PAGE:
shutterstock_103610648As recently reported in Reuters, Atlas Energy LP has marketed itself to investors as a way to get into the U.S. energy boom. By contributing at least $25,000 in a private placement partnership that will drill for oil and gas in states such as Texas, Ohio, Oklahoma and Pennsylvania and share in revenues generated from the wells. Atlas Resources LLC, a subsidiary the energy group, has filed documents with the SEC for Atlas Resources Series 34-2014 LP stating that it seeks to raise as much as $300 million by Dec. 31 of 2014. The deal sounds good when pitched: participate in investments where advances in drilling technology have turned previously inaccessible reservoirs of fossil fuels into potentially viable prospects and to boot Atlas will invest up to $145 million of its own capital alongside investors. Through this method and similar deals, oil and gas projects have issued nearly 4,000 private placements since 2008 seeking to raise as much as $122 billion.

But before you take the plunge a review of the Atlas’s offering memorandum reveals some red flags and given Atlas’ past failure rate investors should think twice. First, up to $45 million of the money raised will be paid to Atlas affiliate Anthem Securities that will then be turned over to as commissions to broker-dealers who pitch the deal to investors. Up to $39 million more will be used to buy drilling leases from another affiliate. Think investors will get a fair price on the leases when Atlas controls both sides of the deal? More conflicts ahead as Atlas affiliated suppliers may also get up to $53 million for buying drilling and transport equipment. Next, an additional $8 million of Atlas’s investment is a 15 percent markup on estimated equipment costs. Finally, Atlas will pay itself nearly $52 million in various other fees and markups.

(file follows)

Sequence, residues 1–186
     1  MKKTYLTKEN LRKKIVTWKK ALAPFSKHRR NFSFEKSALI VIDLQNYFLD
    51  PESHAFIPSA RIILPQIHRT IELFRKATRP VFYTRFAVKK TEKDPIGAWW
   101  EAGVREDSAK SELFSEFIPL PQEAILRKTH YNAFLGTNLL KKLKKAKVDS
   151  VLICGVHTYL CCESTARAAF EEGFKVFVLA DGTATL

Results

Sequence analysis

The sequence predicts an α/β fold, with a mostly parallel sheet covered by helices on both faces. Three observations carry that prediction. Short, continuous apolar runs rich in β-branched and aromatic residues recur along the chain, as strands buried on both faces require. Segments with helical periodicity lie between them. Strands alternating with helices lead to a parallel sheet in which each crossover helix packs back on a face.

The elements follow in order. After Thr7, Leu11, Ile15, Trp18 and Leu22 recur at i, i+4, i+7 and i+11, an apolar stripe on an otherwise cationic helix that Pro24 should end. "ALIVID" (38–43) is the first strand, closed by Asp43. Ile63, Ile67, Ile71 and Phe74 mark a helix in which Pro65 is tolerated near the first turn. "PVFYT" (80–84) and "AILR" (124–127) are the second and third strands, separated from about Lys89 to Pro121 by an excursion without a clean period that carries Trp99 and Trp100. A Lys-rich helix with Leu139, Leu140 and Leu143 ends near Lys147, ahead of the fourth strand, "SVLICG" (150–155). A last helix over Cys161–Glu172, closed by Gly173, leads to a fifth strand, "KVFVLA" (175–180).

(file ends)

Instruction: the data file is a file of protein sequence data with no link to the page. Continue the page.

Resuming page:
In sum, at least 40% of Atlas’s $145 million investment alongside mom and pop goes right back to the company. In addition, Atlas’ profits don’t stop there, when the venture starts generating revenue Atlas is entitled to 33% before accounting for those payments and markups. In the end, not much of a risk at all for Atlas.

shutterstock_80511298The Financial Industry Regulatory Authority (FINRA) sanctioned broker Kevin Nevin (Nevin) concerning allegations that Nevin participated in 11 private securities transactions totaling $690,000 over the course of two years without first disclosing his participation his member firm. Through this conduct, FINRA found that Nevin violated NASD Conduct Rules 3040 and 2110.

Nevin entered the securities industry in 1994 and is currently a representative of Capital Guardian, LLC. In March 2006, Nevin became associated with VSR Financial Services (VSR) until February 2011, when he was terminated. In addition, to the recent FINRA complaint, Nevin has also been subject to three customer complaints. Some of the customer complaints concern allegations of unsuitable sales practices and securities fraud concerning variable annuities. Another customer complaint concerns the recommendation of oil & gas and real estate related private placements.

FINRA alleged that during part of the time he was registered with VSR, Nevin operated out of an office with another VSR registered representative referred to by the initials “PL.”   FINRA found that PL was involved with at least three private placement offerings involving real estate and/or appurtenant property rights entities in the state of Colorado: Breakwater Capital Group, LLC; Yokam Land Holdings, LLC; and South Platte Land & Water, LLC. FINRA found that PL assured Nevin that he had informed VSR of the involvement in the Colorado water rights and real estate activity and that the private placement offerings were conducted entirely under the operations of PL’s real-estate agency. According to FINRA, PL told Nevin that he could recommend investments in these offerings to his customers and earn commissions on any ensuing investments if he obtained a real-estate license.